Ford to Represent NCAA at GNAC's 'Women in Sports' Event
NCAA Director of Minority Inclusion Kimberly Ford will speak at the GNAC-hosted Women in Sports Career Seminar on May 17 in Seattle.
NCAA Director of Minority Inclusion Kimberly Ford will speak at the GNAC-hosted Women in Sports Career Seminar on May 17 in Seattle.

Friday, January 31, 2014
by Evan O'Kelly, Media Relations Assistant

Second in a series

Previous Panelist Profiles
Lynda Goodrich: Western Washington  (Jan. 24)

PORTLAND, Ore. – Growing up in the small town of Desoto, Texas, Kimberly Ford had ambitions to be a dentist and took an interest towards speed skating and swimming. As her life began to take shape as an undergraduate student at Baylor University, Ford recognized an opportunity to pursue a career in sports, which eventually led her on a 950-mile journey northeast to the NCAA headquarter offices in Indianapolis.

Today, Ford is in her 14th year as Director of Minority Inclusion for the NCAA, and will share her perspective on the development of women in collegiate athletics this May at the Women in Sports Career Seminar, hosted by the Great Northwest Athletic Conference.

“The first thing is to follow your dreams and I’d like to express how rewarding my experience has been for my career,” Ford commented regarding her planned presentation at the seminar.

All women currently enrolled in college and who have an interest in pursuing a career in athletics are encouraged to submit an application to attend the seminar, which will provide an excellent networking opportunity and advice from panelists such as Ford and Western Washington legend Lynda Goodrich.

Applying for one of the NCAA’s competitive internships in 2000, Ford was accepted and got her first taste of the administrative side of collegiate athletics. “If I hadn’t been bitten by the bug of wanting to give back to something that benefitted me, I probably would have been on a different career path,” Ford said regarding her motivations for pursuing athletics.Ford went on to earn her Master’s in sports administration, after focusing on health, physical education and coaching during her undergraduate studies. “Because of the impact that my coaches had on me, I decided to make the switch from studying to be a dentist to student affairs,” Ford recalled about her time at Baylor. “At that point I really felt that I wanted to give back to athletics, which is ultimately why I made the switch.”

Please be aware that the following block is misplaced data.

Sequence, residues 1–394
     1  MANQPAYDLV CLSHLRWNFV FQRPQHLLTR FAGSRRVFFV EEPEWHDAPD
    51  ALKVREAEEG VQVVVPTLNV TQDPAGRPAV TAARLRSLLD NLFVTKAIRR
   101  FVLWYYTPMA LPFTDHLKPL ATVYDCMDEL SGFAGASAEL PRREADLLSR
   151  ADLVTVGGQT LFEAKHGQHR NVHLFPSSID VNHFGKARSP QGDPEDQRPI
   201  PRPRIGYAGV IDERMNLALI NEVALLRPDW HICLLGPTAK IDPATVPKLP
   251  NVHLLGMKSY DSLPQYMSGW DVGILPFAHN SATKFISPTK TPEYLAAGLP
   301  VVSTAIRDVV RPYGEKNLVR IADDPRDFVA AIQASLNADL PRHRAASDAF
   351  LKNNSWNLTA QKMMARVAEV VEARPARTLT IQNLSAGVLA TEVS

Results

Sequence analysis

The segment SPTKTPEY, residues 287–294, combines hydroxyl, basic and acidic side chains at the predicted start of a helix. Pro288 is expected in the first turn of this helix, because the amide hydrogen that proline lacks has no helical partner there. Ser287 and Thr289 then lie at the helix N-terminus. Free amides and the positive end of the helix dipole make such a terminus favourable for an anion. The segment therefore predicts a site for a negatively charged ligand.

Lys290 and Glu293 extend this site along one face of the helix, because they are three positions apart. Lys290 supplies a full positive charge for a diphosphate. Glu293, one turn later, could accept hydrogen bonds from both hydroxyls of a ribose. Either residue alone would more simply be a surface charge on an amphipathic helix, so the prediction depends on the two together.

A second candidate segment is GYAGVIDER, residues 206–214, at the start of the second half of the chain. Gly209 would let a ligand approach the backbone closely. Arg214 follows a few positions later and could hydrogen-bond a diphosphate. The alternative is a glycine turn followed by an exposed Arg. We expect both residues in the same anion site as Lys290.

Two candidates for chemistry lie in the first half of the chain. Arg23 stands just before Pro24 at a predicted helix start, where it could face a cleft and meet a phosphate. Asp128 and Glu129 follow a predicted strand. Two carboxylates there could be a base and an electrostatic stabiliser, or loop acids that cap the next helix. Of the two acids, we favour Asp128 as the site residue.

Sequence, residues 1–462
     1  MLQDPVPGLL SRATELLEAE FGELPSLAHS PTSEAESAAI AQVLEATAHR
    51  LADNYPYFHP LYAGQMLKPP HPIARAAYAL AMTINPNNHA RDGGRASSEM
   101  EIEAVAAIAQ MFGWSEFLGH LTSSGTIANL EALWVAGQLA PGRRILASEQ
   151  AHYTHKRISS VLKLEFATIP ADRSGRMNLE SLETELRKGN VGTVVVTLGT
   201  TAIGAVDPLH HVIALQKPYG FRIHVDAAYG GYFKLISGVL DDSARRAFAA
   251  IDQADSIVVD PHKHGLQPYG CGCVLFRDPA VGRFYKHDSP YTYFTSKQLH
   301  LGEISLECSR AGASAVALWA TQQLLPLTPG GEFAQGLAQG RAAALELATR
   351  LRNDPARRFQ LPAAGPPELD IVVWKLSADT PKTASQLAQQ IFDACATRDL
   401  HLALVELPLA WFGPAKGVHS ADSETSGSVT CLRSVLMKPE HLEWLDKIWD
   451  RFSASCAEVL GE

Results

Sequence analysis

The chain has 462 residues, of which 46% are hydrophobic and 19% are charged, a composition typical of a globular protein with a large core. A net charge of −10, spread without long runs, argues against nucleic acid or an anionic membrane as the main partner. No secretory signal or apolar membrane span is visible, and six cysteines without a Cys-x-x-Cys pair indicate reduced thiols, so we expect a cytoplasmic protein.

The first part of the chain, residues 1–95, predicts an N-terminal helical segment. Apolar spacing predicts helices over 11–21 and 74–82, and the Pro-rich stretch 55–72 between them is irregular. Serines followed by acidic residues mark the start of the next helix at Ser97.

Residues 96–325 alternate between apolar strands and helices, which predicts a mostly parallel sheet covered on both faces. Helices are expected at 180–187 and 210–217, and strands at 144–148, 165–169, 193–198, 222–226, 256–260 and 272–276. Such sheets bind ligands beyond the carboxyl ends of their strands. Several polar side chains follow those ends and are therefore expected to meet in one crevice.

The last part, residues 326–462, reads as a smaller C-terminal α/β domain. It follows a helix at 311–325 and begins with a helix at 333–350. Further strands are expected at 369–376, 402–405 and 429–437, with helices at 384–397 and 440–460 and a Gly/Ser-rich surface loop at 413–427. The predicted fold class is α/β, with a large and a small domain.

As the Director of Inclusion, Ford works to ensure minority groups are equally represented across all of the NCAA’s collegiate sports and levels. Her goal is to facilitate progression towards full equality in all sports, and urges the importance of recognizing the opportunities out there for inspired young women.

“People don’t realize that this is a viable profession and many of them don’t have many opportunities for advancement as they rightfully should,” Ford said regarding a variety of chances for development and growth within her organization. “If (young women) don’t see examples of success for themselves, they aren’t as likely to pursue a career like mine, and they really need to see an active role model.” 

Ford believes there is still room for plenty of growth and improvement for women and minorities in the industry. “I’ve seen it change in that there are more opportunities out there,” Ford said regarding athletics administrative roles for women. “If more of those who are currently in the industry were more accessible to women who may be interested in getting involved, then I think we would see more women in roles as coaches and administrators.”

Up to this point, Ford’s career has been focused on creating a positive change and enhancing an entire industry through helping diversify the range of people who have opportunities to be successful within it. “I have certainly witnessed the importance of diversity and inclusion during my time in this position,” Ford said regarding the significant impact she has had in her 13 years at the NCAA. “We are continuing to work with leadership to create opportunities like the one I had as a young woman for the next generation as well.”

To register for the Women in Sports Career Seminar and hear Ford speak as a panelist, visit the related links section of this article for details on how to apply.

“Any time you can invest in someone who is interested in a career in sports, its what we as administrators like to do,” Ford said. “We want them to know they can be a part of this, be a part of the change, growth and development of athletics as a whole.”